Back in 2014 Four Circle Interactive launched 10 Second Ninja, an extreme time-trial platform game which saw a fast-footed Ninja neutralising Nazi… robots. The game received rave reviews on Steam where it sits strong with a Very Positive review score after over 500 user reviews.
10 Second Ninja X is built from the ground up, designed to expand where the first didn’t, taking the first game’s 40 levels and making 60 more; replacing filler cut-scenes with a hub world; taking the smaller levels of the first and replacing them with levels that more-often-than-not take more than one screen. They’ve also redone the art, scrapped the Nazi gimmick, and added in an optional hint system. It’s more grown up, refined, and well, subsequently a lot better.
It’s a revision set to relaunch next month, on July 19th, when it was launch for PC, PS4, Xbox One & Vita. I’ve spent a little over four hours playing a preview build of the game now – which, considering the game’s nature, is vastly over the 17 minutes that it should have taken to book all of the levels.
This is because -as you might expect- the game is tough due to the tight time restraints, but also because each of the levels are designed carefully ensuring that the levels are open enough to have multiple viable routes, yet only one which will score you a three star time. As a matter of fact, I’d argue that the most frustrating levels of the game are the first ones where you don’t have access to the hint feature, and also haven’t quite learnt to double back on first instincts, and avoid double jumping where possible. Of course, there’s other quirks to learn, the hit box on the blade attack, and, well, the intricacies of the game’s other mechanics including switches, reflective lasers, and electrified foes you have to kill with ranged attacks.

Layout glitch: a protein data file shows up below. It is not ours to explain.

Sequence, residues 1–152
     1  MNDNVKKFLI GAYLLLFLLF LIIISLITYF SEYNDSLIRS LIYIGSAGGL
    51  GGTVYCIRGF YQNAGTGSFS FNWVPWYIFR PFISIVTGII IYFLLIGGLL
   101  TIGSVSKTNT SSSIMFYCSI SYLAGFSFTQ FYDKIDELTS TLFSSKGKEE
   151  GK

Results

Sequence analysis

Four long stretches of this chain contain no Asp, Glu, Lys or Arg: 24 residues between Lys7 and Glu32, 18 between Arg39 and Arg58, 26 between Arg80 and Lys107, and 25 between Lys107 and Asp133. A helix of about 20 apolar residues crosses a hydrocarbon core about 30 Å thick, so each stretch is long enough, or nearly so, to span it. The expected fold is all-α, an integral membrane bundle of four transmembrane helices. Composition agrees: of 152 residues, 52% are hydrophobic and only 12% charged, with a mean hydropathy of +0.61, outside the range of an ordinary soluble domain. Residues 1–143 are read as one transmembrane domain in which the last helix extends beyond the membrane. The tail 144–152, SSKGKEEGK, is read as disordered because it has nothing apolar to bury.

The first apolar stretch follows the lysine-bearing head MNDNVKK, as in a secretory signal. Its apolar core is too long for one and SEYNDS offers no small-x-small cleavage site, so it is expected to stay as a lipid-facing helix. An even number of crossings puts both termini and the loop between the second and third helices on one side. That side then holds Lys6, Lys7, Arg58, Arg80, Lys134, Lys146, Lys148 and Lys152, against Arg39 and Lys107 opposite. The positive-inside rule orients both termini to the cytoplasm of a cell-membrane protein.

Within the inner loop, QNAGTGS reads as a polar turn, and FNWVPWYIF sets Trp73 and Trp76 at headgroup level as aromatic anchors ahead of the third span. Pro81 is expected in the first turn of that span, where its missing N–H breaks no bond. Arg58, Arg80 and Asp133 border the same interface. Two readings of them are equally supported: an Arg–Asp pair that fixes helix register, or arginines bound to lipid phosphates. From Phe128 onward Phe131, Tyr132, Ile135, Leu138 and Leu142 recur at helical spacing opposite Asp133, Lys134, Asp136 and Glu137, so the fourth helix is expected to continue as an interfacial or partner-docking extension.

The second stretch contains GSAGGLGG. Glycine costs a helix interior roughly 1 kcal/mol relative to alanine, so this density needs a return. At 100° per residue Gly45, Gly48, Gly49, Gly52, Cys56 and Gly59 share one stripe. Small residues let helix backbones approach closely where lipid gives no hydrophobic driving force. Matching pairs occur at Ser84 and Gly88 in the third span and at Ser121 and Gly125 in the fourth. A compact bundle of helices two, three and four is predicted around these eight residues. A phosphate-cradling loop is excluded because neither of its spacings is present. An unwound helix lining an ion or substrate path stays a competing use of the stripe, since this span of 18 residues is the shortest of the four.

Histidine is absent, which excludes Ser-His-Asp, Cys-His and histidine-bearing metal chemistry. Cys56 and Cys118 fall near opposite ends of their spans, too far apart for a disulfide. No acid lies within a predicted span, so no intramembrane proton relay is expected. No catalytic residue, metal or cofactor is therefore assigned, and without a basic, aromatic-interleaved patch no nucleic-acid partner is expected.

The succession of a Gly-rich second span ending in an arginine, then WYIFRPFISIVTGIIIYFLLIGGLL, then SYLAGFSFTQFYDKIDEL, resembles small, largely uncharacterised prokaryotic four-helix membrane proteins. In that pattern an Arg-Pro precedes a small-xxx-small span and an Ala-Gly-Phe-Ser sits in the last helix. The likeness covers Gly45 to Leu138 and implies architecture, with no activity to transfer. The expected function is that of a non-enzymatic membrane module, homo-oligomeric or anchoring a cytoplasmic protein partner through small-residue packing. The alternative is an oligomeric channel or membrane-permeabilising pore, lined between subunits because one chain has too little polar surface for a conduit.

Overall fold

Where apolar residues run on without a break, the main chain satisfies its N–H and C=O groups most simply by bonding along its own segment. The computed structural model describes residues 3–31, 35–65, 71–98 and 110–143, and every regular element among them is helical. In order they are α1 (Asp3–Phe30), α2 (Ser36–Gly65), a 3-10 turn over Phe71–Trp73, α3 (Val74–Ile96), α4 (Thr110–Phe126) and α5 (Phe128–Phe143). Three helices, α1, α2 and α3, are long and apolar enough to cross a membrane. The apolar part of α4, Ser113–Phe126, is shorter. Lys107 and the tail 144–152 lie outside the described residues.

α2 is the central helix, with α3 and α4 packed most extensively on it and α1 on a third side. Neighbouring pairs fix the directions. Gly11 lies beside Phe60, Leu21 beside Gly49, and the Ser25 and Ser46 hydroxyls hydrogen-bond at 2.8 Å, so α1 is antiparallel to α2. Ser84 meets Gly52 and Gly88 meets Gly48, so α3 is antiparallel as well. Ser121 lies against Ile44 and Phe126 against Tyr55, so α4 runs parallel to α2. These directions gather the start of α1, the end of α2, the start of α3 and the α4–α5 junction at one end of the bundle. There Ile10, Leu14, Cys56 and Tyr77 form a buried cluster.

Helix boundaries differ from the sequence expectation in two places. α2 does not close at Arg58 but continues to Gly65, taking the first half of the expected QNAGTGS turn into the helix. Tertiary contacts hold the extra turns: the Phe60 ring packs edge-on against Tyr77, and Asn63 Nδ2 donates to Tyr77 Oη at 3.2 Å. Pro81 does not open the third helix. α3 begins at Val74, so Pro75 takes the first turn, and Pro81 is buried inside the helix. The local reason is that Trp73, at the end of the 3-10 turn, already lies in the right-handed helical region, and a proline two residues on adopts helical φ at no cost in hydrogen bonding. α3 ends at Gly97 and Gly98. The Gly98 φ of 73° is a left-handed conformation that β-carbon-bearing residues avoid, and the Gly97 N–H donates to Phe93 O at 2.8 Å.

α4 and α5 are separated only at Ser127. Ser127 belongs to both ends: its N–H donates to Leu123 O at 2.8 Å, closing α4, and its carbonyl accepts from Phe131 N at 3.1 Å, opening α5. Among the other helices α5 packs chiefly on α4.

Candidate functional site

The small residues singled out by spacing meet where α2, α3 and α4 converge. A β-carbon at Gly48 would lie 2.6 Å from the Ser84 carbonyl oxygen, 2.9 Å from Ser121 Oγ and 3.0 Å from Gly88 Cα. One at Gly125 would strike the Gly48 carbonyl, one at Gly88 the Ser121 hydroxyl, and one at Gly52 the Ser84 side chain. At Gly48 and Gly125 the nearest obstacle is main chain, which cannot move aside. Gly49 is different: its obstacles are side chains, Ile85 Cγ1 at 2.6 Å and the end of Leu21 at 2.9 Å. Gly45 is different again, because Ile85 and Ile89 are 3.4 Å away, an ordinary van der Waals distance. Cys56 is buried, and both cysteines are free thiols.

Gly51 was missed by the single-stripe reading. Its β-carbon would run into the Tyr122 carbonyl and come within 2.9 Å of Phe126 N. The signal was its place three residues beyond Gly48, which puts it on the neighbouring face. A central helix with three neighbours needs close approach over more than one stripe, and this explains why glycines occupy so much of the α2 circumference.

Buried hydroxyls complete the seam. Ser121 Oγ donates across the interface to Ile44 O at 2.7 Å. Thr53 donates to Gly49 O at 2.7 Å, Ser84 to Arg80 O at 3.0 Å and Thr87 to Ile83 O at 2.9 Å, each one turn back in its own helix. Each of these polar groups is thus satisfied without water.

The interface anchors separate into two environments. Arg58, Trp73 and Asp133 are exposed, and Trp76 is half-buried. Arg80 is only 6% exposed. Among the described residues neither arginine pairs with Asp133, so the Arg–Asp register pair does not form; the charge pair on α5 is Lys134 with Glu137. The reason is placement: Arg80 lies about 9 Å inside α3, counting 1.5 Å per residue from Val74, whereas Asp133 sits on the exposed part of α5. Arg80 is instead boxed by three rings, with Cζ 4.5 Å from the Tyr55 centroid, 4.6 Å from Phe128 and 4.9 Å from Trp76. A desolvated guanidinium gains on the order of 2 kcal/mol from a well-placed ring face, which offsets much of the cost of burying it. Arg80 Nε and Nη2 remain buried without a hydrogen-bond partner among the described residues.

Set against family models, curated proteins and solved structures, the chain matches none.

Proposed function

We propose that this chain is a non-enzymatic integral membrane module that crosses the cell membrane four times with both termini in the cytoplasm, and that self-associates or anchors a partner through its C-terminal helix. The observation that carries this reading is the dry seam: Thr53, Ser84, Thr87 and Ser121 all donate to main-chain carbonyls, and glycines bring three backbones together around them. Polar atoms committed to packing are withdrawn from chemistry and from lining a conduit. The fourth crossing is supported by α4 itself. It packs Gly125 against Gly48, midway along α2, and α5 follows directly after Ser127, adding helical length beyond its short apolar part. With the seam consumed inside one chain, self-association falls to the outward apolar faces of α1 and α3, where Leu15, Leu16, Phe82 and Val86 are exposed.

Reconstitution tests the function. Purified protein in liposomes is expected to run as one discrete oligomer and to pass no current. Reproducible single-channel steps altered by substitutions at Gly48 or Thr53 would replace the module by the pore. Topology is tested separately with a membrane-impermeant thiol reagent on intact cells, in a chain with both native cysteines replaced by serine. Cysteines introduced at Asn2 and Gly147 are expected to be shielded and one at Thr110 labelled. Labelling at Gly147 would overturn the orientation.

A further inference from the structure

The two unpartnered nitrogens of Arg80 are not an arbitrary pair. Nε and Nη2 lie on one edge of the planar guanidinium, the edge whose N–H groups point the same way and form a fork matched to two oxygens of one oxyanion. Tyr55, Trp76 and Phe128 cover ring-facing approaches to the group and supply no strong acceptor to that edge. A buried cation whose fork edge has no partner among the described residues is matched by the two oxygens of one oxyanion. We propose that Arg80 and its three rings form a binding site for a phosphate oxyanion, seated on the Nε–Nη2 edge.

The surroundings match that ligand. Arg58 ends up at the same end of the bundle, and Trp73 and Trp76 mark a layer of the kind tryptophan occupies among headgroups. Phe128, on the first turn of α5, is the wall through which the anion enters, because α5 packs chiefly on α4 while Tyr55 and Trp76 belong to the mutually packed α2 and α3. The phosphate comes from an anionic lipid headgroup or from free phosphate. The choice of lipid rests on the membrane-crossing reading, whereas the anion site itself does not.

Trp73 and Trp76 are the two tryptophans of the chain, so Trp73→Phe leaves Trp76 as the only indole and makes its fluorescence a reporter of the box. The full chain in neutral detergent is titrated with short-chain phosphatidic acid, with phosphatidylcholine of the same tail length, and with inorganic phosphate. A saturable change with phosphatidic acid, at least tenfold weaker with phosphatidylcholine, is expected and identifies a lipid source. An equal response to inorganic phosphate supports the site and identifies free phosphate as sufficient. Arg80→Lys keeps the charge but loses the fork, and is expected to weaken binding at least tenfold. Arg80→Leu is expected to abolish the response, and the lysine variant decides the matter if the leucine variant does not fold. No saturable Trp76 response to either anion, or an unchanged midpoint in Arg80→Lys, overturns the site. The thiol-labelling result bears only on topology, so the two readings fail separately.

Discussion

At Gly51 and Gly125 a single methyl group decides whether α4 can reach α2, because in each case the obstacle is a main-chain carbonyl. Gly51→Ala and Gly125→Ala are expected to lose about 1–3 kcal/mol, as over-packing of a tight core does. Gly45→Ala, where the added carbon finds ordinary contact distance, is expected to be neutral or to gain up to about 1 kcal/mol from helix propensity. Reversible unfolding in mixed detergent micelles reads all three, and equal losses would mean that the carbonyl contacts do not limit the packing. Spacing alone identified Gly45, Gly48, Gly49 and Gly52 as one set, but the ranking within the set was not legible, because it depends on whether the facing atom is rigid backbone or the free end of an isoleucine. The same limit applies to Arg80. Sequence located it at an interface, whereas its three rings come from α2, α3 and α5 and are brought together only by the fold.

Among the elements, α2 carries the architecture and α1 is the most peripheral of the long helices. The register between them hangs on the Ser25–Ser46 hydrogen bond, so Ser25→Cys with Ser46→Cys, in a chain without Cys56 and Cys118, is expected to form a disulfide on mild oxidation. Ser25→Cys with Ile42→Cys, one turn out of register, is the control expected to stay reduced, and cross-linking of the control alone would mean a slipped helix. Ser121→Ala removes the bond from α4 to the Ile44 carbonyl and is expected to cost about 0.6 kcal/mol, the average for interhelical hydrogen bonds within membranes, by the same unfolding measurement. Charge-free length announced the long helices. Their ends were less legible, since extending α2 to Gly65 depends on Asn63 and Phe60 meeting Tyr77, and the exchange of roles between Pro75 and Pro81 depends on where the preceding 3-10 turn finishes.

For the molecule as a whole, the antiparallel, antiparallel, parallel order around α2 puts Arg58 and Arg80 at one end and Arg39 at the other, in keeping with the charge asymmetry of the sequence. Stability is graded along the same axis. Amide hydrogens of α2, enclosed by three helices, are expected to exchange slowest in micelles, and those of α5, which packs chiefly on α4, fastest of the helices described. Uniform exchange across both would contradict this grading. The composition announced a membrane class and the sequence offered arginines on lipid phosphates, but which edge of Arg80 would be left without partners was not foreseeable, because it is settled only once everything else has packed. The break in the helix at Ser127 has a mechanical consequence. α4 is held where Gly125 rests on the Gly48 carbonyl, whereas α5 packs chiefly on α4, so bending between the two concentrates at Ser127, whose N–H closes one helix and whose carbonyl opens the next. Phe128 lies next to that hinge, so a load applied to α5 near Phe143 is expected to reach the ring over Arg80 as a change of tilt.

It’s a hard game to three star, but not a particularly hard game to complete the levels of. It’s strength is in the layout of these levels – more like puzzles – and the layout encouraging you to take an illogical path. I think, best of all, the game’s reloads are instant, however currently if you hit the start button at any point (I played on controller) you get sent back to the level select screen – hopefully for the final version there’ll be a question prompt if you do that mid-game.
From what I’ve played so far, each of the game’s levels are well balanced, with me able to achieve 1 or 2 stars on most of them, and securing 3 stars on ALL I played once I had the hints active. Almost every time I did miss the next star ranking it was done by milliseconds, which in a 10 second level really do count, and it comes across just as frustrating as you might imagine.
The inclusion of a hub world, clearly separating (and gating) the various worlds behind keys, while also adding a few other places to visit – Benji in the power room, a costume room, a game room, and after some play a challenge room – is an addition I always consider welcome, as it gives you something to do after a particularly tough run. In this case the game room is an adaptation of the shell game which rewards you with five hint tokens should you best it.
The hints are a fine inclusion, you’ll see a ghost ninja run through the level ahead of you, giving clues as to where to use your three shuriken, and which way to head. At the moment some of the later level hints actually use more shuriken than the player has access to – if this is a feature then it’s fine, if not then there’s still ample time to have it ironed out – along with the fact the level select menu shows the wrong images on some levels.
I’m looking forward to playing through the rest of the game as it goes through updates building up to it’s launch in mid July. We’ll be sure to have a full review, going a lot more into depth, on the game ready for launch.